Earlier this week, I visited students in Iowa at the Waukee Innovation and Learning Center. It was incredible to see firsthand how high school juniors and seniors are solving real-world challenges while learning how to code, program robots, develop electrical and plumbing systems, and pioneer innovations in bioscience.
The students who attend the Waukee Innovation and Learning Center enter the workforce equipped with the skills they need to secure good-paying jobs and succeed in our modern economy.
Skill-based education is crucial to putting more Americans on a path to promising careers – and filling the jobs of the future, as well as those that are vacant today. Yet for too long, we have failed to recognize the importance of practical, skill-based learning.
The Trump administration is committed to expanding 21st century opportunities through affordable workforce development programs.
In addition to the many administrative actions we have taken to advance workforce development, the president’s recent infrastructure proposal, sent to Congress last month, would greatly amplify and expand this effort.
Currently, there are 6.3 million unfilled job openings in our country – the highest number on record. Of these, 250,000 are in construction; 427,000 in manufacturing; and more than 500,000 in STEM (science, technology, engineering and math). These are among the most critical industries in rebuilding our country’s crumbling infrastructure.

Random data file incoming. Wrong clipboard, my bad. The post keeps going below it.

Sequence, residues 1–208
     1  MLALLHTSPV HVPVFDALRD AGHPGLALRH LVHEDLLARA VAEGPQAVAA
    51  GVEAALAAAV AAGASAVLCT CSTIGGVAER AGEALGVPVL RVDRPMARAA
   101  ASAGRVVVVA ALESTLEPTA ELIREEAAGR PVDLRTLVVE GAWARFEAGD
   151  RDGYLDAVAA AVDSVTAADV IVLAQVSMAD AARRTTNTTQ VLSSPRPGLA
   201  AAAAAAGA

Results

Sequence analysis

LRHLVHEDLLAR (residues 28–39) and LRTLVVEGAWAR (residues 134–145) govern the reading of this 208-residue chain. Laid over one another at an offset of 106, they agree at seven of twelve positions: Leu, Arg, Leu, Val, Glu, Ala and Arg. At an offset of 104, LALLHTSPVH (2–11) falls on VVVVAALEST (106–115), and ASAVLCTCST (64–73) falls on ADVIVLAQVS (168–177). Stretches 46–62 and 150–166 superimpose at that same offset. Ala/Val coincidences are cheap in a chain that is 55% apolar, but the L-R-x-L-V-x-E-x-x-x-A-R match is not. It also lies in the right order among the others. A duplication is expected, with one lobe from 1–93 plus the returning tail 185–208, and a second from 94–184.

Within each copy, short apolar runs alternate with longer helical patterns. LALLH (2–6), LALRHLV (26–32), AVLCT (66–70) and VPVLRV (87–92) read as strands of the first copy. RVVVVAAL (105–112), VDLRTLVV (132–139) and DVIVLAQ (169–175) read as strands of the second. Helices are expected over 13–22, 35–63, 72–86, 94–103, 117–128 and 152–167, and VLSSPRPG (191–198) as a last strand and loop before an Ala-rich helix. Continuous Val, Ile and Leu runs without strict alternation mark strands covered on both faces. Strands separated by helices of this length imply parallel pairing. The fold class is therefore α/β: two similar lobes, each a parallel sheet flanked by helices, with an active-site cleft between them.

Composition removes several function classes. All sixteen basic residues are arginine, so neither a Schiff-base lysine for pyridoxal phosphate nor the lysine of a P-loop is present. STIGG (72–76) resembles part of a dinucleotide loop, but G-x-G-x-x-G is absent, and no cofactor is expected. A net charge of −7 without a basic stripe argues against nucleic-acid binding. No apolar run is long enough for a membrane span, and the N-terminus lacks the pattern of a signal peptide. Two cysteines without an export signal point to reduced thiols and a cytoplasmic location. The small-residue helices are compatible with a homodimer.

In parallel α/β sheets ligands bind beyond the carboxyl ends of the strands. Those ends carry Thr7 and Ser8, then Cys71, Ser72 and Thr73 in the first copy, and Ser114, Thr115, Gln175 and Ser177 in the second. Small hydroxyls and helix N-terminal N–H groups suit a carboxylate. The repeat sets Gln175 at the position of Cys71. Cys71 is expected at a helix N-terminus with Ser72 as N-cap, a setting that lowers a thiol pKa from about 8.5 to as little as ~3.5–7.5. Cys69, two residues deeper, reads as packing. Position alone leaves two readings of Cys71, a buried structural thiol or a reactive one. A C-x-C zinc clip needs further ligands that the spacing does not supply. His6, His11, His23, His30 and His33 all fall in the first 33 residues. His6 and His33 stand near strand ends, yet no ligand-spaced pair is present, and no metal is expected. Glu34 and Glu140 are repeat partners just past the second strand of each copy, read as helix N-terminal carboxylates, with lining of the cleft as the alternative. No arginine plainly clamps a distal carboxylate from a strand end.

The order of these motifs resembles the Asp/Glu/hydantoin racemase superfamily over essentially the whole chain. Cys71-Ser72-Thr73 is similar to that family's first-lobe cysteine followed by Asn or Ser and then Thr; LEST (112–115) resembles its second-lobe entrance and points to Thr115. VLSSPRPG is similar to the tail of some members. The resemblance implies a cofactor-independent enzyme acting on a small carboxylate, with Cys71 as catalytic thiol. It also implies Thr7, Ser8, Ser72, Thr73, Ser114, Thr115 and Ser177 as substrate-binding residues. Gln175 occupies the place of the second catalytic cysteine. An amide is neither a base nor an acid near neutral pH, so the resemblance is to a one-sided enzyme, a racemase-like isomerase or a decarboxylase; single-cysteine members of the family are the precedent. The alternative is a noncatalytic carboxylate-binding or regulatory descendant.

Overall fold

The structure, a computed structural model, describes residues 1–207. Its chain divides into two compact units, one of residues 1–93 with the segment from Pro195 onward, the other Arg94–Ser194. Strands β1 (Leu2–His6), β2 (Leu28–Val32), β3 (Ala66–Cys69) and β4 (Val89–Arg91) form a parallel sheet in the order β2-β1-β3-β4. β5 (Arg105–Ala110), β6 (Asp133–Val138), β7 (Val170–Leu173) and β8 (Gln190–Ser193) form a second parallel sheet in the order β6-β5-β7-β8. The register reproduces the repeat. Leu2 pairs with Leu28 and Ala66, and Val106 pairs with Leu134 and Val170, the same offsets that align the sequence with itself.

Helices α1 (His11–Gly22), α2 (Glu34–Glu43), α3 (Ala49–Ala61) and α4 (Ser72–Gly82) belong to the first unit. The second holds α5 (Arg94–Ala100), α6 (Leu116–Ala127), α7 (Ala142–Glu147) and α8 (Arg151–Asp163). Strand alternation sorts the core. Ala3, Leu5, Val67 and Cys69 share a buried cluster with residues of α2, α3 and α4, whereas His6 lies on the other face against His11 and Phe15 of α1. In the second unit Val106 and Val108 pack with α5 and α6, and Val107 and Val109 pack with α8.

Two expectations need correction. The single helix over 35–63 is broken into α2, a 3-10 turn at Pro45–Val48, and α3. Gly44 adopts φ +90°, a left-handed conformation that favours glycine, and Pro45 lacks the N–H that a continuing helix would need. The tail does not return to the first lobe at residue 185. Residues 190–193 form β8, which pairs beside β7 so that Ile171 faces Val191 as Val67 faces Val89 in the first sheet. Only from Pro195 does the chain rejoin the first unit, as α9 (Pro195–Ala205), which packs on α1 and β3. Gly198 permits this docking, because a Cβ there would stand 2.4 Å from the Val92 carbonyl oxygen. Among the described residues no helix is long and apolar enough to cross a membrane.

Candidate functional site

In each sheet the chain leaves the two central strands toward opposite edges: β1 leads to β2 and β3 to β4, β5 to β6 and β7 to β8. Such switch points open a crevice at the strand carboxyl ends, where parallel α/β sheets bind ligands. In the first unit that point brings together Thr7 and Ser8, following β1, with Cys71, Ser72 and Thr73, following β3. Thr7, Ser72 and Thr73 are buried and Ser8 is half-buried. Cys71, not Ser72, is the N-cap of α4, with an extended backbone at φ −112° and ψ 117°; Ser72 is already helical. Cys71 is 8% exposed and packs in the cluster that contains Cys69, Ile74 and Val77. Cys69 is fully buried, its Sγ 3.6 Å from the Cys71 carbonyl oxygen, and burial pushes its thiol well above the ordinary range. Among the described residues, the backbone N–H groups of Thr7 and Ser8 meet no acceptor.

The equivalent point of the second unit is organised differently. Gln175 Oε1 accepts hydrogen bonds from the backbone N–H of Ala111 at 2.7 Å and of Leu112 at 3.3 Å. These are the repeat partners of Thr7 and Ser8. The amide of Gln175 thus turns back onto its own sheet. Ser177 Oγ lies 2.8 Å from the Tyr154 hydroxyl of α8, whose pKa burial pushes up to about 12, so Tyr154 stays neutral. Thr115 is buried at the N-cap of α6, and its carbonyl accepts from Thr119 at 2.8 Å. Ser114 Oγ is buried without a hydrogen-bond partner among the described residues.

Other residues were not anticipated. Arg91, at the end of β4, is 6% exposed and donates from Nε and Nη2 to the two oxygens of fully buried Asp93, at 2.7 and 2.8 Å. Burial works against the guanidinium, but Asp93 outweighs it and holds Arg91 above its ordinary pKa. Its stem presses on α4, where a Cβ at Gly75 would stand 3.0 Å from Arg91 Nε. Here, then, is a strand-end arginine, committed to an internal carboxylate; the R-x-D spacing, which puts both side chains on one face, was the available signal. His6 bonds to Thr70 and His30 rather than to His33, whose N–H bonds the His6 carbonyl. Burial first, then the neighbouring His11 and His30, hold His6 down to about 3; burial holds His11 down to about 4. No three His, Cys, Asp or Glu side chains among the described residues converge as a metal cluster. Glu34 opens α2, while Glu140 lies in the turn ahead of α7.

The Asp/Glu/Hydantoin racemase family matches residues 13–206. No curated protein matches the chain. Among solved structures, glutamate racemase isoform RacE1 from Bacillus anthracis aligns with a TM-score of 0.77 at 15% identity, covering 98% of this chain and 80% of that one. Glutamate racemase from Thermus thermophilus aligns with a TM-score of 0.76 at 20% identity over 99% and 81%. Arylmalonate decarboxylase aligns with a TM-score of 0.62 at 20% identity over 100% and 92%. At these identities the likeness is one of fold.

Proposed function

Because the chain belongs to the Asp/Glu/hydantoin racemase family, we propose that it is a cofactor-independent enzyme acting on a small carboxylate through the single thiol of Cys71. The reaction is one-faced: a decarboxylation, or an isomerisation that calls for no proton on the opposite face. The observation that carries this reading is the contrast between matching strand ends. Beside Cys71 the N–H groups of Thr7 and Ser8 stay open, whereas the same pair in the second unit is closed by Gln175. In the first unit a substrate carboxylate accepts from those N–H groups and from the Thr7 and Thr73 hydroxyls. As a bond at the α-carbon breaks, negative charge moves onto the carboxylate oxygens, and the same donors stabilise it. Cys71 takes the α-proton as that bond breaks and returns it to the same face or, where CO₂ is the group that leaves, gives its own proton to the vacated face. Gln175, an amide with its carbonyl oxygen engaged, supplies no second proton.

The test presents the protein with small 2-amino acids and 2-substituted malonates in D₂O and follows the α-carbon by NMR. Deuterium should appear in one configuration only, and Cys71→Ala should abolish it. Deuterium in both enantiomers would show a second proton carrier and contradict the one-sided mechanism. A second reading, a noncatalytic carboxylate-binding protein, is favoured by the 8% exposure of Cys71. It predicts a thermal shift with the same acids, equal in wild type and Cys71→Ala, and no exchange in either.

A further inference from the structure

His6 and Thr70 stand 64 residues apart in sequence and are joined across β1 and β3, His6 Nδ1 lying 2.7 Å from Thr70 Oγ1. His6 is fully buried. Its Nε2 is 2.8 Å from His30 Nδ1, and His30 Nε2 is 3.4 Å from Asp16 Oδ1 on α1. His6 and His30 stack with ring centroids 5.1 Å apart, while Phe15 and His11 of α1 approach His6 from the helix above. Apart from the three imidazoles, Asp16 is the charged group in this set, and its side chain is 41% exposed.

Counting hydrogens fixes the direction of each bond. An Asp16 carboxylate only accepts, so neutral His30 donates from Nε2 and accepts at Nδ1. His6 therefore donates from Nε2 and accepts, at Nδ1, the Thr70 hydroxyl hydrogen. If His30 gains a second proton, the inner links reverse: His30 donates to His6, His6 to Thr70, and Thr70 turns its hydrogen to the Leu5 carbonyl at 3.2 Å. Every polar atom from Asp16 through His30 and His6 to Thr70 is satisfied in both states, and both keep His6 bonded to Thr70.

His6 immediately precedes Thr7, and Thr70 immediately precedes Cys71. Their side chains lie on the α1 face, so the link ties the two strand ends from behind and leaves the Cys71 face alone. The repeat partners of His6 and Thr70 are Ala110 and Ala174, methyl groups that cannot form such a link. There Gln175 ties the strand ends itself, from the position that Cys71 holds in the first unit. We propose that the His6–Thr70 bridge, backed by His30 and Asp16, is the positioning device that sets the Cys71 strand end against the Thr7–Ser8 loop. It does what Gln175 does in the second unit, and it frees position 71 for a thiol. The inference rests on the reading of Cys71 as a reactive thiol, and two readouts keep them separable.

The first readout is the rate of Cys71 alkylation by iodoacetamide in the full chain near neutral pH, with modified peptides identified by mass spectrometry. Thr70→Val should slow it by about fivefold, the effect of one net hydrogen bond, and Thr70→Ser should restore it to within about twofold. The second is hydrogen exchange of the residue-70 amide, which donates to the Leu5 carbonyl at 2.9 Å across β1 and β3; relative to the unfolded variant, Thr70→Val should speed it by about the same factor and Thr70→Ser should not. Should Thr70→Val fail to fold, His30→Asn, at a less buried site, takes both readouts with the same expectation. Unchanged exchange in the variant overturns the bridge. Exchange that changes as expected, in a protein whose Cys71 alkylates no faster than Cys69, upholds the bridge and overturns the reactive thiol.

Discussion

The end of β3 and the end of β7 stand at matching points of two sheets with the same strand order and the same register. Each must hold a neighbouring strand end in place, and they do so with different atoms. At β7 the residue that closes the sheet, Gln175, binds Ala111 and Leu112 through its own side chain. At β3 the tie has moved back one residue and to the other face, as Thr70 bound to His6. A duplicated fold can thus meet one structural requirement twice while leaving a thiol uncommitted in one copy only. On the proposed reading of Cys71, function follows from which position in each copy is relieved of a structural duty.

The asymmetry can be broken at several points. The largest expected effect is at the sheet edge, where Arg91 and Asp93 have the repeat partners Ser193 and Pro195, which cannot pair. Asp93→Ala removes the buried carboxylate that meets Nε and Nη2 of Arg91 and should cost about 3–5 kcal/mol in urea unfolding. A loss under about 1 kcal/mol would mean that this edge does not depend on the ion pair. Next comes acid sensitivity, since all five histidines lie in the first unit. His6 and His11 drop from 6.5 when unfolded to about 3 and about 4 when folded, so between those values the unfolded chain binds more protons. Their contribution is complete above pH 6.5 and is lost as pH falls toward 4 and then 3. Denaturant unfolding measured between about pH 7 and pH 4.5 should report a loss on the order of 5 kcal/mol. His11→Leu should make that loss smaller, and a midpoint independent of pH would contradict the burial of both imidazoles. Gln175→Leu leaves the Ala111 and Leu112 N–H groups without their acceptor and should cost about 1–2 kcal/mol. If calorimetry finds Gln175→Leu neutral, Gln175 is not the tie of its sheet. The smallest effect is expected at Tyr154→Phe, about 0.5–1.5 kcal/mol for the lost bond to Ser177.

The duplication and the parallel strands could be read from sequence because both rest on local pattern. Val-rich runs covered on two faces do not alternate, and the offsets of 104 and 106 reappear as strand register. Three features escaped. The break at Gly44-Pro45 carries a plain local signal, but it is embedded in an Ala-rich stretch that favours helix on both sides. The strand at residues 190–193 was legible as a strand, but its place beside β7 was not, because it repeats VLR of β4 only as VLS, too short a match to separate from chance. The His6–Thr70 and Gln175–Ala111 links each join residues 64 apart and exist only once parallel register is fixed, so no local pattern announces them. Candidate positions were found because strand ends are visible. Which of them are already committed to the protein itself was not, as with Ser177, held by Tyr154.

Not only would our infrastructure plan generate new projects that directly increase employment in construction and other affected industries, it would also break down barriers for American workers to get the training they need to be successful in the jobs we need filled.
Our infrastructure plan calls on Congress to refine and reauthorize the Carl D. Perkins Career and Technical Education Act; expand Pell Grant eligibility to high-quality, short-term programs; and reform licensing requirements for individuals seeking an infrastructure project job.
Further, our plan seeks to improve the Federal Work-Study Program by better distributing funds to the schools and students who need them most, and by creating more opportunities for participants to obtain relevant workplace experience that will place them on a better path to meet their career goals.
The talent, grit and spirit of the American worker have always defined our nation and enabled us to compete and lead in the global economy.
With the goal of growing the American economy through pro-business policies and job creation, the Trump administration’s robust plan aims to deliver education to Americans across the country that is better skills-focused and often debt-free.
Now Congress must follow through and invest in our nation’s most important resource: our people.